Doctor Who and the Daleks


The Austin Powers-esq 60s opening score does very little to generate the world of Doctor Who as we know it today (or indeed ever) and the rest of the pretty standard adventure feeling score feels a little out place at times, despite sounding very good within the mix.

Dialogue is very centre based but it's crystal clear. Even to the point where it can sometimes feel disconnected from the film itself and you’ll soon realise that's because all that the track really offers is dialogue for the most part. There’s very few atmospherics sounds outside of the T.A.R.D.I.S. and really its only swooshing doors, Dalek fire extinguishers and the Dalek voices that feature in the sound effects departments. It’s all very timid for an adventure film really and it’s really only that score that dictates the mood of the film.

 Doctor Who and the Daleks


The commentary with Jennie Linden and Roberta Tovey is a fairly good glimpse behind the scenes of the film but it’s a little quaint in the details department and doesn’t really service newer Doctor Who fans who may question exactly how this film came about. Given that I'm a casual Who fan at best, I personally would have liked to have heard if it influenced future Doctor Who episodes and how it stood or indeed stands in the Doctor Who community. That sort of comes next...

‘Dalekmania’ (57:30 HD) is a rather timid behind the scenes making of with tons of clips from the film. The film's history is discussed and how the rights for Doctor Who and the Daleks were obtained. There’s also a very nerdy Doctor Who Magazine editor explaining the differences between the mythology in the film and the mythology in the TV show. This making of, which feels as if it was produced in the 90s includes many of the original cast and it turns out to be a fine extra to sit alongside the film and seems pretty familiar, so I guess they showed it on TV at some stage as its never anything I’ve owned.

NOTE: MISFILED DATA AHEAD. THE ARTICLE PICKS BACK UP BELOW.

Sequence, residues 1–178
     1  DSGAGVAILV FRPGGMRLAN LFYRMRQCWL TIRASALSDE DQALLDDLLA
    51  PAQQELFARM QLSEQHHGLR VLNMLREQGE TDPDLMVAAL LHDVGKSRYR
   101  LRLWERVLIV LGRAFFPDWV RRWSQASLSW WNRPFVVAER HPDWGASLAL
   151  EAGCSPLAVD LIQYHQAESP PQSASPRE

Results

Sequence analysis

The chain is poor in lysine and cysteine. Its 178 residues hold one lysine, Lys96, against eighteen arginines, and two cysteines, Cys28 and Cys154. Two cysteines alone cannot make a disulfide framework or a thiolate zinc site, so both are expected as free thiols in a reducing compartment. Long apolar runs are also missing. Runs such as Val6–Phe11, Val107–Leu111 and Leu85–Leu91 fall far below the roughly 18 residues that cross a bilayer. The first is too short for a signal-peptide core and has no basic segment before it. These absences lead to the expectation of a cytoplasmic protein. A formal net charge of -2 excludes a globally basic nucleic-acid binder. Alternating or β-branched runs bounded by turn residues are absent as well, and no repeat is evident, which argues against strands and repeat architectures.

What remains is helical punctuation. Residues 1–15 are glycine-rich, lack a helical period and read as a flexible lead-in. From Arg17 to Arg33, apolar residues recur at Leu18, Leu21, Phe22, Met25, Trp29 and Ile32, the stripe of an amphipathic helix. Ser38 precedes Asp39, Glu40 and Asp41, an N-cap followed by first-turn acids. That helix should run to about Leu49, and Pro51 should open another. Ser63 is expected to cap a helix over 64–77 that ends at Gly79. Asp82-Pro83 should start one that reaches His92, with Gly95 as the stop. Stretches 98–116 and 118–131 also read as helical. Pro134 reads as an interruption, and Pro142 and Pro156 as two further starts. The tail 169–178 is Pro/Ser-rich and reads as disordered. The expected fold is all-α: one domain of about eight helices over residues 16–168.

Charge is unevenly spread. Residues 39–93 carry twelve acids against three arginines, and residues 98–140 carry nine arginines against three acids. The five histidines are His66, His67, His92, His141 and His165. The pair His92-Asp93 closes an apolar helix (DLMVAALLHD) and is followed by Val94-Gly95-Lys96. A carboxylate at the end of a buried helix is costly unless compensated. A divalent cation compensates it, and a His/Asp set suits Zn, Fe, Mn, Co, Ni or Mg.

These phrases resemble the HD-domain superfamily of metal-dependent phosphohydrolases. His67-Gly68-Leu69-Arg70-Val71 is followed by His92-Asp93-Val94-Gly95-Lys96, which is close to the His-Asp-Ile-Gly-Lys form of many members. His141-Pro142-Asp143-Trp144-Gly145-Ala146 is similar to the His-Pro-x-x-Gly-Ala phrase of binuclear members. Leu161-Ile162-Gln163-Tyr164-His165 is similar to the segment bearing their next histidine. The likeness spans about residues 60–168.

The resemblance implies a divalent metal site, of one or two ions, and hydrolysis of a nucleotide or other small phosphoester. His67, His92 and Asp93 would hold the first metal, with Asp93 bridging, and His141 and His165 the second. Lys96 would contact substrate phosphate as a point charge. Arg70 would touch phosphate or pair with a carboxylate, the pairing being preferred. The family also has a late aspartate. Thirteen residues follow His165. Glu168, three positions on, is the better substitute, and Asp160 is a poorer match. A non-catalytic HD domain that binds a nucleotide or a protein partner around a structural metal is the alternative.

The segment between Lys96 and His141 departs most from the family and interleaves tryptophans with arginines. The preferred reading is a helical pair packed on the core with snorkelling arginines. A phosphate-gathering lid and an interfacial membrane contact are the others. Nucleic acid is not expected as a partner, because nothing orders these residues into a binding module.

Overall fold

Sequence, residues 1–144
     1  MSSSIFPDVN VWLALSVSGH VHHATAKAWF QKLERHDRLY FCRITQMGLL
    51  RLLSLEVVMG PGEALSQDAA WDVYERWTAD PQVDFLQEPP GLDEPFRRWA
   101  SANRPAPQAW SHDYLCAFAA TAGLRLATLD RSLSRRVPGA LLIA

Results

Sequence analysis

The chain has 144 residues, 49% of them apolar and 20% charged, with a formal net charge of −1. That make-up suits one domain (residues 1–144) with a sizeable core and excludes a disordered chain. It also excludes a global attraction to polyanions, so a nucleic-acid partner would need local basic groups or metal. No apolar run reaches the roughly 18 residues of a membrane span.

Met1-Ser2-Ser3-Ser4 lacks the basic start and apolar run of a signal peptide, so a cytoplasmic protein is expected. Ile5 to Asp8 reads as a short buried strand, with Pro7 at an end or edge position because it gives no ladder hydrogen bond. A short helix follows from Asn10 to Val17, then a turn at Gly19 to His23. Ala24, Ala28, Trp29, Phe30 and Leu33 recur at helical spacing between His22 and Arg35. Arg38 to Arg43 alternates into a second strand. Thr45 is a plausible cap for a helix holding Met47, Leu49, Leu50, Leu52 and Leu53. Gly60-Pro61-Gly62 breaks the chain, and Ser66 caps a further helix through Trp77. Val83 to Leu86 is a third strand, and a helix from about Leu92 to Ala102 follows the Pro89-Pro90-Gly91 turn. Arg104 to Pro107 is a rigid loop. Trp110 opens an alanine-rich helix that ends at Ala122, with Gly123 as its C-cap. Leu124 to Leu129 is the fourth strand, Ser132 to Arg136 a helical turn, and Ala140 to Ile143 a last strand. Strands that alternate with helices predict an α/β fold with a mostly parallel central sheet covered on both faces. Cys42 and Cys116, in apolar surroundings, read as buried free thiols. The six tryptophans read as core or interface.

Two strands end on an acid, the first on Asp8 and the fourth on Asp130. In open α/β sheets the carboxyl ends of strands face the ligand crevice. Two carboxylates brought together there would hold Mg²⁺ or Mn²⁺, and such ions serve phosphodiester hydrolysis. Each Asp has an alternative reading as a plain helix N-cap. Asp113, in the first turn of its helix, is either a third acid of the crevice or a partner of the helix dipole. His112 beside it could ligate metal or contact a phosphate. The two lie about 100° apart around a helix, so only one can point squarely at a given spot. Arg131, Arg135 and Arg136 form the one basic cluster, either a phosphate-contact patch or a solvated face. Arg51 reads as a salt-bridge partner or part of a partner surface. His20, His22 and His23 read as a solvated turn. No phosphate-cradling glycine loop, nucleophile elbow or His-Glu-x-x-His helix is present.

‘Restoring Doctor Who and The Daleks’ (08:26 HD) has Marcus Hearn (A TV Historian) amongst other experts explaining the history of the project.  Its original Techniscope film limitations and the technolgy used to repair and clean the film for home digital release is covered in a ton of detail and of course it includes before and afters looks at the restoration of the film.

The ‘Interview With Gareth Owen’ (07:41 HD) , a Sheperton Studios Expert as well as a Doctor Who one too it seems talks Doctor Who history, the marketability of The Daleks and how the prospect of a colour, live action film in the 60s was hot stuff to Doctor Who fans.

Lastly there’s a stills gallery and the trailer.

 Doctor Who and the Daleks


I have a vague memory of seeing Doctor Who and the Daleks in the past but I probably didn’t appreciate its 60s quaintness quite as much in my youth as I do now. I love this era of sci-fi a fair bit, a more innocent time if you will and Doctor Who and the Daleks does enough good to outshine its obvious limitations. Yeah, they stop Daleks with chocolate mousse and a coat but there’s something cool about that and even though this is off of Doctor Who mythology as we know it today, Cushing as a clever old guy still holding his own against the aliens, while his companions help him out at every turn still says Doctor Who to me.

The disc has a solid restoration effort behind it and provides some great results but given the grain, the soft edges and limited audio track, it’s not exactly going to rival any modern HD Doctor Who presentations. That said, the extras  go a fair way to make it a solid all round purchase and I feel as if I’ve learnt a lot about the Non-Doctor Who, Doctor Who movie from the sixties because of them. Next up, its sequel time with Daleks: Invasion Earth… see you there.